use public ip in the lan network
Good morning guys, I have a question:
I have a pfsense firewall, and I have opened some ports vs the outside, consequently from outside, with public ip: port everything works well;
The need is to use the public IP and the port even when you are inside the company, so how can I do it on the pfsense LAN?
emammadov last edited by emammadov
Hello. You can use Pure NAT.
The need is to use the public IP and the port even when you are inside the company
Why? Just setup a host override to resolve what fqdn your public IP resolves to the internal IP.. Only the shittiest of crappy applications would hard code an IP be it public or private...
@emammadov thanks I solved it ... very kind
@johnpoz hello, even if I solved it, I wanted to deepen your solution. Can you give me more info so I can study it? thank you very much
So you have some fqdn, lets call it service.domain.tld the resolves on the public internet to say 18.104.22.168
You see traffic to port X on 22.214.171.124 and you forward it to 192.168.1.100..
This works great on the outside of your network.. For clients inside your network.
Just create a host override for service.domain.tld that points to 192.168.1.100
Now when clients inside your network, using your dns they would just resolve service.domain.tld to 192.168.1.100, no need for nat reflection.
@johnpoz In Finland it costs couple bucks to get private IP on Mobile Broadband in the super overflowed network which speed is around 5/5 Mbps with a huge ping. 3 bucks server with 1Gbps port and public IP is a cheap and much better choice with less ping. You cannot have a wired connection with public IP on a sparsely populated area here in Finland. Maybe not the best practice but as long as it works it serves the purpose. I have the same kind of issue with PfSense but I'd more likely set PfSense with a redirect to internal IP rather than use Hamachi.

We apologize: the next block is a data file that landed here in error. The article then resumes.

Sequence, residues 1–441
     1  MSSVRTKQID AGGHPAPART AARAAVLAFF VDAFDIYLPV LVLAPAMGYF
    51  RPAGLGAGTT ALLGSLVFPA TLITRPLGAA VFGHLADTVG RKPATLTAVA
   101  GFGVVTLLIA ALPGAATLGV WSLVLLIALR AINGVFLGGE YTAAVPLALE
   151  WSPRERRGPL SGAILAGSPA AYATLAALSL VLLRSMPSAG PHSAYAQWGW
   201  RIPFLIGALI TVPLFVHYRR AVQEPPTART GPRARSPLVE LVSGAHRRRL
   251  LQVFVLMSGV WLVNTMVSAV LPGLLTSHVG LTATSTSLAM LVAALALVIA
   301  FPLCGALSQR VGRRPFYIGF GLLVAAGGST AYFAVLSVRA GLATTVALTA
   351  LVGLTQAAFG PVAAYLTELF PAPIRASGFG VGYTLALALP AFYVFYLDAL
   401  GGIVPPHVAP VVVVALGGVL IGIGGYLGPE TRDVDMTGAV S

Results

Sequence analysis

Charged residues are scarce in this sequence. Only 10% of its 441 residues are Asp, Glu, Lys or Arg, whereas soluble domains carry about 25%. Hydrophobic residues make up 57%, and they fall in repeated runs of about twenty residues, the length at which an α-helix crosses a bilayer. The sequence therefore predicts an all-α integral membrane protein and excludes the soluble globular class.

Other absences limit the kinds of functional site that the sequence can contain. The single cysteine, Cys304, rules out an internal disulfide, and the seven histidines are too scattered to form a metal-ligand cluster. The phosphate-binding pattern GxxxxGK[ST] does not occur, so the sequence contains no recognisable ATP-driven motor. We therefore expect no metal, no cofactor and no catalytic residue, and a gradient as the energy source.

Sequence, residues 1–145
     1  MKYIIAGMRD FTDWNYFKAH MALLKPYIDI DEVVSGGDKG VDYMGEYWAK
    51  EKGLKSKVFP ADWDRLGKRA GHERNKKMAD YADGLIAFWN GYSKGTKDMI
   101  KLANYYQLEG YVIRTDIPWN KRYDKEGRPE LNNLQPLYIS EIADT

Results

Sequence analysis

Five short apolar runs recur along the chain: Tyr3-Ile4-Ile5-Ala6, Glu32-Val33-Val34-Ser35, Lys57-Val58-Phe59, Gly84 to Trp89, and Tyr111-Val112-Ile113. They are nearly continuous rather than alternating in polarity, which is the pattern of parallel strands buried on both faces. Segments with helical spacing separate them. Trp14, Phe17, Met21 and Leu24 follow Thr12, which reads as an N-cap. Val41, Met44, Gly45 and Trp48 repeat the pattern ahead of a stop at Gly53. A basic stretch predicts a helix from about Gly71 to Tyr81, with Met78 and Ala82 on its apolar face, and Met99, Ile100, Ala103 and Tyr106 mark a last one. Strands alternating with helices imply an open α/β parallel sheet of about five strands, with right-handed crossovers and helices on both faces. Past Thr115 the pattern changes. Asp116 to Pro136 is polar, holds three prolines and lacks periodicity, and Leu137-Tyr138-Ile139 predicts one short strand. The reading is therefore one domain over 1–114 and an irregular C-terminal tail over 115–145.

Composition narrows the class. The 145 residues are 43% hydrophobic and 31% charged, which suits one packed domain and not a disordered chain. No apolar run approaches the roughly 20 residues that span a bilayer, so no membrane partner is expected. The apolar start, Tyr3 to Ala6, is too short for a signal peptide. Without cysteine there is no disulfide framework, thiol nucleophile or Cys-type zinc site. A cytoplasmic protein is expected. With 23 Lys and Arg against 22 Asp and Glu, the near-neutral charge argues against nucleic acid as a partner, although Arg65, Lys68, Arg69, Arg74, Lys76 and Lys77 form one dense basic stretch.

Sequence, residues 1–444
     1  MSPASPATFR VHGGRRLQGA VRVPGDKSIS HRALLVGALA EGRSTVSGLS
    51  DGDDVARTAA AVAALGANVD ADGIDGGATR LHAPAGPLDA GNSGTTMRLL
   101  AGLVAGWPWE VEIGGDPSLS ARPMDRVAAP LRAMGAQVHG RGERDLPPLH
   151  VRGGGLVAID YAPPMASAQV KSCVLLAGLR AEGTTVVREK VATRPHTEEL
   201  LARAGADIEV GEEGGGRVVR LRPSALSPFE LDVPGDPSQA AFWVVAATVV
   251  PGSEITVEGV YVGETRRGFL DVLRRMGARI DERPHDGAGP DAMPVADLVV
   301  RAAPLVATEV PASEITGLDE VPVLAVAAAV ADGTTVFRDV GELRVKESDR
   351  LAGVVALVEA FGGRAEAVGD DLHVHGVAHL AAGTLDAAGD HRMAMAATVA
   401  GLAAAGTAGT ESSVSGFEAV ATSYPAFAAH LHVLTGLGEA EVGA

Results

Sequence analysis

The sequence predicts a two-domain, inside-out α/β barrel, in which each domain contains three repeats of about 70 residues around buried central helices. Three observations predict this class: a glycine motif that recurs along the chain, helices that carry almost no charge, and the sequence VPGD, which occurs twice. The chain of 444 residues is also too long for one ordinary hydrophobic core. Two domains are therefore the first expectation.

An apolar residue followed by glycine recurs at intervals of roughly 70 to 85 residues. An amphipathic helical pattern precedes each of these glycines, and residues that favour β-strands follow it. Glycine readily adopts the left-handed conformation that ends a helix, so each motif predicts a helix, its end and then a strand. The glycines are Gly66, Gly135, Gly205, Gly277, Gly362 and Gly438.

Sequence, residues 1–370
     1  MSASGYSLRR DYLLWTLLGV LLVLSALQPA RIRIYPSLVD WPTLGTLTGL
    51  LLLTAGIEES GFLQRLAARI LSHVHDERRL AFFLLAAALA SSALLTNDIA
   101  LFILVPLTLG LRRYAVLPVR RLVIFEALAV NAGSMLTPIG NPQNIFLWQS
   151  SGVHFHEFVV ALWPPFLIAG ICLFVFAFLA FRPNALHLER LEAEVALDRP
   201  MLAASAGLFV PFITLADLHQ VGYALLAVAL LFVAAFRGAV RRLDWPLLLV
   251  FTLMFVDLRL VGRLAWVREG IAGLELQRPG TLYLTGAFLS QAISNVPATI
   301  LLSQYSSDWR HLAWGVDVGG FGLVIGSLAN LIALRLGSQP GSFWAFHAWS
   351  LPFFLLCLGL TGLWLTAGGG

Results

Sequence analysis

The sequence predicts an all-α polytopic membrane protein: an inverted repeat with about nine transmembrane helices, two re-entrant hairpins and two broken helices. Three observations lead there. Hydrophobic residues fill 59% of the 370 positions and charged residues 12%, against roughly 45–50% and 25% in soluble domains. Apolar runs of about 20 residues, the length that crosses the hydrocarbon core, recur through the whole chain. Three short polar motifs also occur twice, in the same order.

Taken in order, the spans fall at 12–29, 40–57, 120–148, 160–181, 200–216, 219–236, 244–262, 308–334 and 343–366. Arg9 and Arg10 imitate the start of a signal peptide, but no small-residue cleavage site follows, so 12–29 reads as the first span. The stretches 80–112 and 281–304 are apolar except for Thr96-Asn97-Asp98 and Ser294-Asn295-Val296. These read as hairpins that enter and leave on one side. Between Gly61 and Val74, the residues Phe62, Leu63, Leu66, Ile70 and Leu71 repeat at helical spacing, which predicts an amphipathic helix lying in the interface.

Huh? What does that have to do with split dns?
@johnpoz Stop being a dick anyway.
Your statement makes no sense in relation to the topic at hand.. It doesn't - so I'm a dick?
Maybe you posted in the wrong thread?
@johnpoz Might be that I misunderstood concept. I apologize if I did. I don't still find any reason why not to do that in "crappiest shit" applications. I just find your comment negative and my honest opinion is that it does not suit you
Hard coding an IP into an application is BAD... Its crappy design no matter how you look at it.
What happens when that IP changes.. Now the application has to be changed.. If the application used a fqdn to talk to whatever it is it needs to talk to.. All that has to happen is that fqdn points to whatever IP this services it running on.. It could change daily for that matter, etc.
The only scenario where you would have to use nat reflection is when the application in use is hard coded to that specific public IP.. Which would be a crappy designed application ;)
edit: Its possible the OP doesn't even have a fqdn that points to this public IP.. You can get a ddns fqdn that points to your public IP for "free".. so then just use the fqdn vs the IP, and again the need for nat reflection goes away.. If this is business use, you can get a domain for like $10 a year.
I stand by my opinion - if your using IP vs a fqdn to access pretty much anything its crappy design..
edit: Here you go - the person that uses hard coded IPs in an application vs fqdn.. Prob the same person that would design something like this
ie they didn't think it through = crappy design ;)